# Proving there is an eigenvalue $\lambda$ for which $|\lambda - b_{jj}| < \epsilon \sqrt{n}$

Let $$A$$ be an $$n\times n$$ real symmetric matrix. By applying Jacobi's method, suppose we have generated an orthogonal matrix $$R$$ and a symmetric matrix $$B$$ such that the equality

$$B = R^{T}AR$$

holds. Moreover, suppose the inequality $$|b_{ij}| < \epsilon$$ holds for all $$i \neq j$$.

Show that for each $$j = 1, 2, \ldots, n$$, there is at least one eigenvalue $$\lambda$$ of $$A$$ such that $$|\lambda - b_{jj}| < \epsilon \sqrt{n}$$ holds.

This is an exercise that I am doing to study for my final exam. So, I've just recently learned Jacobi's method, and I know that the eigenvalues and eigenvectors are related to the matrices $$B$$ and $$R$$; however, I have no idea how to use those results to prove an inequality. I also have no idea how to get the $$\sqrt{n}$$ term in there. I would greatly appreciate any help in this exercise.

Thanks

UPDATE: These are some theorems in my book that might help.

Theorem (Gerschgorin’s Theorem): Let $$n \geq 2$$ and $$A \in \mathbb{C}^{n\times n}$$. All eigenvalues of $$A$$ lie in the region $$D = \bigcup_{i=1}^{n} D_{i}$$, where $$D_{i}$$ are the Gerschgorin discs of $$A$$.

Definition: (Gerschgorin Disc): Suppose $$n \geq 2$$ and $$A \in \mathbb{C}^{n\times n}$$. The Gerschgorin discs $$D_{i}$$ of the matrix $$A$$ are defined by the closed circular regions

$$D_{i} = \{z \in \mathbb{C} : |z - a_{ii}| \leq R_{i}\},$$

where $$R_{i} = \sum_{j = 1, \\ i \neq j}^{n} |a_{ij}|$$

is the radius of $$D_{i}$$.

Theorem (Bauer-Fike): Suppose $$A$$ and $$E$$ are real symmetric $$n\times n$$ matrices and $$B = A - E$$. Assume, further, that the eigenvalues of $$A$$ are denoted by $$\lambda_{j}, j = 1, 2, 3, \ldots, n$$ and $$\mu$$ is an eigenvalue of $$B$$. Then at least one eigenvalue of $$\lambda_{j}$$ of $$A$$ satisfies $$|\lambda_{j} - \mu| \leq ||E||_{2}$$, where $$|| \cdot ||_{2}$$ denotes the $$2$$-norm of a matrix.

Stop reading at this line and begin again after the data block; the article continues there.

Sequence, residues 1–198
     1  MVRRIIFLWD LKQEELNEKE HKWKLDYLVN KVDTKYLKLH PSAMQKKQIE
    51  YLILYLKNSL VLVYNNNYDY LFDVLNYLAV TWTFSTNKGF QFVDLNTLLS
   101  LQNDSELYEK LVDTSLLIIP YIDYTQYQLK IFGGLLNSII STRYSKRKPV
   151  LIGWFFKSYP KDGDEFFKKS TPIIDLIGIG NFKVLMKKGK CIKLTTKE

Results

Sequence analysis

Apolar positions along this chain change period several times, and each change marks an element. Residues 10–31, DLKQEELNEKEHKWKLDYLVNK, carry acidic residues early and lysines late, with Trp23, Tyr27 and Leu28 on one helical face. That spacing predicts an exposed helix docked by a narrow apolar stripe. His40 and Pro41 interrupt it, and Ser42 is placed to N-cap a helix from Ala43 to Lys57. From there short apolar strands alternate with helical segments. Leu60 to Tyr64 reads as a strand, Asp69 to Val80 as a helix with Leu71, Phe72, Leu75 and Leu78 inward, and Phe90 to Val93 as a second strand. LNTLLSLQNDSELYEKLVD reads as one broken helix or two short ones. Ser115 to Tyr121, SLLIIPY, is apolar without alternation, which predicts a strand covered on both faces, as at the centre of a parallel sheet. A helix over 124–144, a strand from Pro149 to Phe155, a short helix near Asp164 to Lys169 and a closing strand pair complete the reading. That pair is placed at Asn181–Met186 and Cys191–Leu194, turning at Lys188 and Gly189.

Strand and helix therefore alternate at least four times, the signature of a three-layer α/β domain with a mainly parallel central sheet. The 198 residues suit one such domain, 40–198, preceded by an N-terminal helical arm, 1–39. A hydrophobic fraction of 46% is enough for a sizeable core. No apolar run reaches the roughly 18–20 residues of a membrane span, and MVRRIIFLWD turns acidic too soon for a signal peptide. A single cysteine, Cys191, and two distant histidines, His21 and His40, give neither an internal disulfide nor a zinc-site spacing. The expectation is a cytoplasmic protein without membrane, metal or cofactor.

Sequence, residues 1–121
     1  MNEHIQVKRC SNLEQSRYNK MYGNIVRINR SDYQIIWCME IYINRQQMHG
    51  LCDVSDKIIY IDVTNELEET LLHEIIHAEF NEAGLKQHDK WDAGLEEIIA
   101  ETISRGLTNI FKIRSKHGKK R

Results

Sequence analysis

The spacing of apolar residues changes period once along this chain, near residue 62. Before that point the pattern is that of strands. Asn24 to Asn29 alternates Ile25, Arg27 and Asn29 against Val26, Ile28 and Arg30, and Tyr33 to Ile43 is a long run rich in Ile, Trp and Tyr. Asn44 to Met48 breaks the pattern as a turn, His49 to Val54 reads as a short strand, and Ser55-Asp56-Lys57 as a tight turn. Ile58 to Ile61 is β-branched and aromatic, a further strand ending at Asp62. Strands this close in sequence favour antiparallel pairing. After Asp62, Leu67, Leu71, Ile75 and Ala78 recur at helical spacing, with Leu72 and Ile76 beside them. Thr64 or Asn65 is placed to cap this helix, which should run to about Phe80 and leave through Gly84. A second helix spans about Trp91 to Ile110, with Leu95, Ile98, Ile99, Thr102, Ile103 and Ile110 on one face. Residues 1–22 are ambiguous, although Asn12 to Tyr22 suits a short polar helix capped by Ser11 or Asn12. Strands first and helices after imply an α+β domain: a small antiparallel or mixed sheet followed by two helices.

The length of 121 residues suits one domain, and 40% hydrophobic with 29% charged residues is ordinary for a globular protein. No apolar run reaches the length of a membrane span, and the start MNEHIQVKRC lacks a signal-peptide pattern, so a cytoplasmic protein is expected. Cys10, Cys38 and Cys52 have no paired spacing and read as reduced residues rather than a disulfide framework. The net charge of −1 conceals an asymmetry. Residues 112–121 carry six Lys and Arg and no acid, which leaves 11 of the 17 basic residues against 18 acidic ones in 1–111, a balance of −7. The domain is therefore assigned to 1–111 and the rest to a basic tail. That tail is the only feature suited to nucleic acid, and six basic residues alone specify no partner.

The problem is from chapter 5. I would appreciate it if the answer does not use too many outside results from the book. I suppose a few are okay though, as long as they aren't really strong results that are hard to understand.

• Maybe Gershgorin might apply? May 6 '19 at 23:32
• @copper.hat I have no idea how to proceed. Can you please help me? I will update my original post with my the statement of Gerschgorin's Theorem
– user666729
May 6 '19 at 23:51
• Offhand, I can only get $(n-1)\epsilon$, but all eigenvalues lie in $\cup_k B(b_{jj}, (n-1)\epsilon)$. May 7 '19 at 0:10
• @gallileo The eigenvalues of $A$ and $B$ are the same. You can easily find matrices $B$ that do not satisfy the proposed condition. So, either the result is false or coming from Jacobi's method sets some restrictions on $B$. May 7 '19 at 10:03
• @PierreCarre: Can you give one of the examples please? May 7 '19 at 13:13

The eigenvalues of a matrix and its similarity transform are the same, so the eigenvalues of $$A$$ and $$B$$ are the same.

Next, for every $$j=1,2,\ldots,n$$, define a symmetric matrix $$E^{(j)}=(B-b_{jj}I)e_je_j^T+e_je_j^T(B-b_{jj}I)$$, where $$e_j$$ is $$j^\text{th}$$ standard basis vector. We have $$$$(B-E^{(j)})e_j= Be_j - (B-b_{jj}I)e_j+e_je_j^T(B-b_{jj}I) e_j= b_{jj}e_j,$$$$ since $$e_je_j^TBe_j = e_j(e_j^TBe_j )= b_{jj}e_j.$$ Thus, $$b_{jj}$$ is an eigenvalue of $$B-E^{(j)}$$, and hence we invoke Bauer-Fike theorem to show that there exists an eigenvalue $$\lambda$$ of $$B$$ such that $$$$\vert b_{jj}-\lambda\vert\leq \Vert E^{(j)}\Vert = \Vert(B-b_{jj}I)e_j\Vert = \sqrt{\sum_{i=1,i\neq j}^nb_{ij}^2}\leq \sqrt{n-1}\epsilon<\sqrt{n}\epsilon.$$$$

• Thanks. What is the meaning of each $E^{(j)}$? Is it arbitrary?
– user666729
May 9 '19 at 11:33
• Does $(B - b_{jj}I)e_{j}e_{j}^{T}$ represent the diagonal elements of matrix $B$? And the second term in $E^{(j)}$ represents the off-diagonal elements of matrix $B$? Is that correct?
– user666729
May 9 '19 at 11:58
• $E^{(j)}$ is well defined perturbation for every $j$. It perturbs the original matrix so that the perturbed matrix has $b_{jj}$ as it's eigenvalue. May 9 '19 at 12:23
• How can I see that they have the same eigenvalue?
– user666729
May 9 '19 at 12:25
• $(B-b_{jj})e_j$ represents the $j^\text{the}$ column of $B$ with the $j$ entry replaced by 0. $E^{(j)}$ is zero everywhere except the $j^\text{the}$ row and column replaced with $(B-b_{jj})e_j$. Note that $E^{(j)}$ is different for each $j$. May 9 '19 at 12:28